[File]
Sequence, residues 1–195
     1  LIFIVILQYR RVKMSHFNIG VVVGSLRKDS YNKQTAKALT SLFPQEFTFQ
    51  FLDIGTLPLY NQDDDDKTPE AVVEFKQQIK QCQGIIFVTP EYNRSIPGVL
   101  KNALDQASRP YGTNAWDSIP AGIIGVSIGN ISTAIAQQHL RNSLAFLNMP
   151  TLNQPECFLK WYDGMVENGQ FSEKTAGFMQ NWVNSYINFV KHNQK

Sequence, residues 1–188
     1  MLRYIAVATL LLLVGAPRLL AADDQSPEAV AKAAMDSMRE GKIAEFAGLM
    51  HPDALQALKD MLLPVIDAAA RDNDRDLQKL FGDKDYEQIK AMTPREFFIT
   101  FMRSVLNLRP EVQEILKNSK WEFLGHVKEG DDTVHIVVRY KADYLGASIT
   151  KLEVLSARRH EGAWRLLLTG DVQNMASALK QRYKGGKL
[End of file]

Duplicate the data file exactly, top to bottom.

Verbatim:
Sequence, residues 1–195
     1  LIFIVILQYR RVKMSHFNIG VVVGSLRKDS YNKQTAKALT SLFPQEFTFQ
    51  FLDIGTLPLY NQDDDDKTPE AVVEFKQQIK QCQGIIFVTP EYNRSIPGVL
   101  KNALDQASRP YGTNAWDSIP AGIIGVSIGN ISTAIAQQHL RNSLAFLNMP
   151  TLNQPECFLK WYDGMVENGQ FSEKTAGFMQ NWVNSYINFV KHNQK

Sequence, residues 1–188
     1  MLRYIAVATL LLLVGAPRLL AADDQSPEAV AKAAMDSMRE GKIAEFAGLM
    51  HPDALQALKD MLLPVIDAAA RDNDRDLQKL FGDKDYEQIK AMTPREFFIT
   101  FMRSVLNLRP EVQEILKNSK WEFLGHVKEG DDTVHIVVRY KADYLGASIT
   151  KLEVLSARRH EGAWRLLLTG DVQNMASALK QRYKGGKL